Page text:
All manufacturers of packaging subject to system participation must licence it with a dual system.
All manufacturers of packaging subject to system participation are obliged to participate in a dual system. This is intended to ensure that sales and secondary packaging is taken back across the board.
Without participation in a dual system, packaging subject to system participation may not be passed on to third parties.
When registering with a dual system, the material type and mass as well as the registration number must be provided to the Central Agency (new).
The systems are obliged to confirm participation to the producers without delay, stating the material type and mass. Participation in a dual system can be carried out by an authorised third party (e.g. broker, auditor, consultant).

Exceptions to the system participation obligation: Service packaging (see also “What types of packaging are there?”):

If goods are delivered using service packaging, the upstream distributor (producer/wholesaler from whom the packaging material was purchased) of the service packaging can be required to participate in a dual system. In this case, the obligation to participate in the system is transferred to the upstream distributor.
There is no obligation to participate in a dual system for this packaging. The mandatory registration with the Central Agency and the obligation to report data and submit a declaration of completeness also no longer apply.
Note: The upstream distributors will often already state on the invoice documents that the packaging in question is licensed with a dual system. If this is not the case, the upstream distributor should be requested in writing to participate in a dual system. Zusätzlich sollte darauf bestanden werden, dass dieser dafür eine schriftliche Bestätigung übermittelt
In addition, you should insist that they provide written confirmation of this You can register your packaging with one of the following dual systems:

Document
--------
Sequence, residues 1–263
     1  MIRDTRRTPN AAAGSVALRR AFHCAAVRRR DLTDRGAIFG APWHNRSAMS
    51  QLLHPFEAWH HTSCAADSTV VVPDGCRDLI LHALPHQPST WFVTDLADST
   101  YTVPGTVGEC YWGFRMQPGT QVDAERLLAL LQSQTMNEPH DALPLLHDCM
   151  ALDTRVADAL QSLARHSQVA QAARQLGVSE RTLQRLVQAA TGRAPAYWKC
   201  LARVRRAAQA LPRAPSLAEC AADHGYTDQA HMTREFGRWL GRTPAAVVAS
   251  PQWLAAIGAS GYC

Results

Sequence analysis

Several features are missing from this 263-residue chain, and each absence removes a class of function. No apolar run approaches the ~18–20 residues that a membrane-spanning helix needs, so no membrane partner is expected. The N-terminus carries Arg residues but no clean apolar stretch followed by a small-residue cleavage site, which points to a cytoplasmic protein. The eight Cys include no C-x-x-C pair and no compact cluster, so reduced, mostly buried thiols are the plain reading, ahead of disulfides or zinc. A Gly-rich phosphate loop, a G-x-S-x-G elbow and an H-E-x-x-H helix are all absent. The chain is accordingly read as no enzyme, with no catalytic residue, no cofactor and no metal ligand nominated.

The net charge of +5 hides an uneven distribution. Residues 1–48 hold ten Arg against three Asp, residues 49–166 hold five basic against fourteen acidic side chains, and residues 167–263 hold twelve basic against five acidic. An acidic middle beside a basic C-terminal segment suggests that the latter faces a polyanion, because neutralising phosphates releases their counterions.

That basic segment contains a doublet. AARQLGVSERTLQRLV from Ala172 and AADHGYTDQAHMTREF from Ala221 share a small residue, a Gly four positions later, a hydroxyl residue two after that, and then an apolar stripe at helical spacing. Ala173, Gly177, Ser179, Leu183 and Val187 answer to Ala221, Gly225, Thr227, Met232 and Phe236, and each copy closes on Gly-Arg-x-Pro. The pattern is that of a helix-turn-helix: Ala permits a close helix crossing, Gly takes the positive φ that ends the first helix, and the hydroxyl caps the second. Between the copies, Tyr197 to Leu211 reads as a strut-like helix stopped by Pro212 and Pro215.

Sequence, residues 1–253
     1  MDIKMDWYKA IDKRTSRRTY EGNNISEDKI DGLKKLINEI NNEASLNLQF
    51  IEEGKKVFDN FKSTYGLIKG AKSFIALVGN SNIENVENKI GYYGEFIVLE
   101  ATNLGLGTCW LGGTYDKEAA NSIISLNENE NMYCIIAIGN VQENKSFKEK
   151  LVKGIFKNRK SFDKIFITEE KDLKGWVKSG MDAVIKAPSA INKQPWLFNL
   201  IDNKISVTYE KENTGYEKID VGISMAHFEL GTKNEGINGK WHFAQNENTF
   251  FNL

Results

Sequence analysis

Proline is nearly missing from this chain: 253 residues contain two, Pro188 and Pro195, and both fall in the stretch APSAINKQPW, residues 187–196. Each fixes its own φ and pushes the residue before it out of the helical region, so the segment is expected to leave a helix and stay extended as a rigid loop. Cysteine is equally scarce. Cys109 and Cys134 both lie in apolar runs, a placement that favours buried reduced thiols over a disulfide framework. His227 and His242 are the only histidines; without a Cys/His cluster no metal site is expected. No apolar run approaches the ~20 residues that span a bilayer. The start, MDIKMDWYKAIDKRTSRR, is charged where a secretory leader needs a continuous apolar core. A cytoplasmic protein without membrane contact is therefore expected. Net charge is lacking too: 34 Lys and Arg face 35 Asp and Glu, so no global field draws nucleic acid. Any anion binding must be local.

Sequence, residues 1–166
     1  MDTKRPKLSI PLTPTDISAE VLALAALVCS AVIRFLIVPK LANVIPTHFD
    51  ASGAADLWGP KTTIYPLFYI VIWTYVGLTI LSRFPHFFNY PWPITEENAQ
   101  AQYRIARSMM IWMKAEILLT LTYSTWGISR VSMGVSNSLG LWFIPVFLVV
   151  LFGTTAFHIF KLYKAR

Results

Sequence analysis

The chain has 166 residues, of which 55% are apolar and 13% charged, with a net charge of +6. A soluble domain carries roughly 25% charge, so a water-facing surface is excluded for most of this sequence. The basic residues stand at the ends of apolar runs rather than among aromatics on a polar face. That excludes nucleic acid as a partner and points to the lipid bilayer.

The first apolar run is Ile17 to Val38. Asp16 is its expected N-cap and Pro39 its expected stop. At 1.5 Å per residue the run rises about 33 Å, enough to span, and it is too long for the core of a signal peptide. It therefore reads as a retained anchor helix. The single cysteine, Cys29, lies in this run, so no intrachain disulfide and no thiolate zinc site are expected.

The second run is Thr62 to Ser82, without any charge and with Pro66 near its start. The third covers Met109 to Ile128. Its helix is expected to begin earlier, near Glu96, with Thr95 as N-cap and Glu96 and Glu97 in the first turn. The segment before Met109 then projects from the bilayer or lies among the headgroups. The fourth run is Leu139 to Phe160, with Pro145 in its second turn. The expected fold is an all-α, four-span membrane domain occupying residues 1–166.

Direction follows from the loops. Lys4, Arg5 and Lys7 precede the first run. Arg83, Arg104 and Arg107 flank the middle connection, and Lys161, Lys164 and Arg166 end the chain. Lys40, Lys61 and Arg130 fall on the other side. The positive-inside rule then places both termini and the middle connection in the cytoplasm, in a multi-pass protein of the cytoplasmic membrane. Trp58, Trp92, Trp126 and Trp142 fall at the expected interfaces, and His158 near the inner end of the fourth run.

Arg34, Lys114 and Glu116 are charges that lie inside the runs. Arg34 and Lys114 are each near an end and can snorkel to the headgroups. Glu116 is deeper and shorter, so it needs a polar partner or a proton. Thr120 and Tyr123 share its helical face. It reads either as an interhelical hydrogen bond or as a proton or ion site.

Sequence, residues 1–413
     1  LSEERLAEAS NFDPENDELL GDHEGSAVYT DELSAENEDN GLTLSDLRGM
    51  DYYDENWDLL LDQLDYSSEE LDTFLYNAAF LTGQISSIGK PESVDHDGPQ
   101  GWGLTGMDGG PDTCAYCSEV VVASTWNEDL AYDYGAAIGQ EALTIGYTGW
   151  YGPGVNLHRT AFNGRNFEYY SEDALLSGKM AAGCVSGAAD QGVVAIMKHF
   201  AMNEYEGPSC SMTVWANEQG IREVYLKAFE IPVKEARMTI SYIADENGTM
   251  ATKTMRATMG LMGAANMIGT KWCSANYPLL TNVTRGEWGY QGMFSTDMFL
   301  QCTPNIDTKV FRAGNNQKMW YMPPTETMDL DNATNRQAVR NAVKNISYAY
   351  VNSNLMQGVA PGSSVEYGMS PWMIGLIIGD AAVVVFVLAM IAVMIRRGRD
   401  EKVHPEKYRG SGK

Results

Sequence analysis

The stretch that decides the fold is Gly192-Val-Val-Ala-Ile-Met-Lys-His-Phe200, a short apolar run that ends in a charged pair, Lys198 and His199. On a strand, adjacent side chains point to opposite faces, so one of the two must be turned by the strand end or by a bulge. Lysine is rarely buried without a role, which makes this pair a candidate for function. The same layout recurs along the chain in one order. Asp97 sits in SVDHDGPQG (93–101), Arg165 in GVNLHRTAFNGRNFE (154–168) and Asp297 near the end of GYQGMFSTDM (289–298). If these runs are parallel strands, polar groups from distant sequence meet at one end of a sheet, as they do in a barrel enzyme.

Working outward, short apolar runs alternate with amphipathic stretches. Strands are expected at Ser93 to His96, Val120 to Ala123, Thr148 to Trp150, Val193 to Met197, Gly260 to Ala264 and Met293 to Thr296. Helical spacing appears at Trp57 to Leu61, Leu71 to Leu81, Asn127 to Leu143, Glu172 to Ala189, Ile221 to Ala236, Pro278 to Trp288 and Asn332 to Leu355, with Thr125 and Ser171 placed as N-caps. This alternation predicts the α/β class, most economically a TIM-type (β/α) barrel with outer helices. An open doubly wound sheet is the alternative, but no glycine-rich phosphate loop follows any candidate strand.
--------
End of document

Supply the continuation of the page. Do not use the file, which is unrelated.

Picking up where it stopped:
From 2019, the fees charged by the dual systems will also be based on whether packaging is as fully recyclable as possible and consists of recycled/renewable raw materials.
From 2019, the legislator will oblige the dual systems to promote the use of packaging
that consist of materials and material combinations that can be recycled to the highest possible percentage
and/or consist of recycled and renewable raw materials.
Please note: Companies that use packaging that fulfils these requirements will therefore pay lower fees in future than companies that use packaging that is difficult to recycle and/or is not made from recycled material or renewable raw materials.

How do I register? What other obligations must be observed?
New: Registration with the Central Agency
From 1 January 2019, all manufacturers of packaging subject to system participation are obliged to register (free of charge) with the Central Agency Packaging Register.
Registration must take place via the website of the Central Agency:
Please note: Registration must be done in person and may not be done via third parties.
Tip: Registration requires a list of the brand names under which packaging subject to system participation is first placed on the market by the obligated party (e.g. producers, mail order companies, importers). If you purchase goods of a certain brand and sell them on, you do not have to state the brand name as you are not the first to place the goods on the market.

Data reporting to the Central Agency